On the shelf: Tracks by Robyn Davidson

Thursday, 9 October 2014
After submitting the third draft of my dissertation proposal, I decided to give myself the freedom of reading a non-academic book. I chose Tracks by Robyn Davidson. Davidson wrote the memoir about her 1,700 miles journey through the Australian desert with four camels and a dog. She recounts her time learning to train and care for camels and talks extensively about the mental battle she fought with herself during the nine months she trekked alone through tough terrain.

Courtesy: dailymail.co.uk

Davidson completed the adventure in 1977 but the book was re-released after the story was made into a movie in 2013.

Courtesy: dailymail.co.uk

The story is interesting and poignant in its presentation of courage. At the end of the book, Davidson writes that she is shocked that so many people were in awe of her feat. She claimed that she had no more brave bones in her body than the next person but shared:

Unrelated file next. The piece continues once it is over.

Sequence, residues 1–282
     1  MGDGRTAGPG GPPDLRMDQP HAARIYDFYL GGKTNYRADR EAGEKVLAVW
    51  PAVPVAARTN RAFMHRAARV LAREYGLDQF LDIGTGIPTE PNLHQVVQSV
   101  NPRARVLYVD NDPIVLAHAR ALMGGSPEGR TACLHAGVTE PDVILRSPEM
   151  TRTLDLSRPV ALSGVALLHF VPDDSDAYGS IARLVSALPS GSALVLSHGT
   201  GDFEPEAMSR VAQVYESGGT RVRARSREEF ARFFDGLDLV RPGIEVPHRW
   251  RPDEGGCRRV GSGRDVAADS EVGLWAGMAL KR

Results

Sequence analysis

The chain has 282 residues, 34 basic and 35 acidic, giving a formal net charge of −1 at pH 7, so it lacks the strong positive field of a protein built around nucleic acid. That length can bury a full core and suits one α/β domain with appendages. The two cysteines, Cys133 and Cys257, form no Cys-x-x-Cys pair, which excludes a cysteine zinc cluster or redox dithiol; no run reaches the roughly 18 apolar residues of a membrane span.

The two important things that I did learn were that you are as powerful and strong as you allow yourself to be, and that the most difficult part of any endeavor is taking the first step, making the first decision.

Courtesy: abc.net.au

Another book in this genre of women doing extraordinary things is Cheryl Strayed’s Wild. She treks along the Pacific Trail alone braving the weather and harsh conditional. I’ve always wanted to hike the Appalachian Trail but I think it is so commercialized now that it would be hard to experience isolation and peace. There are likely few places left on earth where we can find the same conditions that Davison lived in.

When you walk on, sleep on, stand on, defecate on, wallow in, get covered in, and eat the dirt around you, and when there is no one to remind you what society’s rules are, and nothing to keep you linked to that society, you had better be prepared for some startling changes.

Davidson has also written other books including: Traveling Light and Dessert Places.

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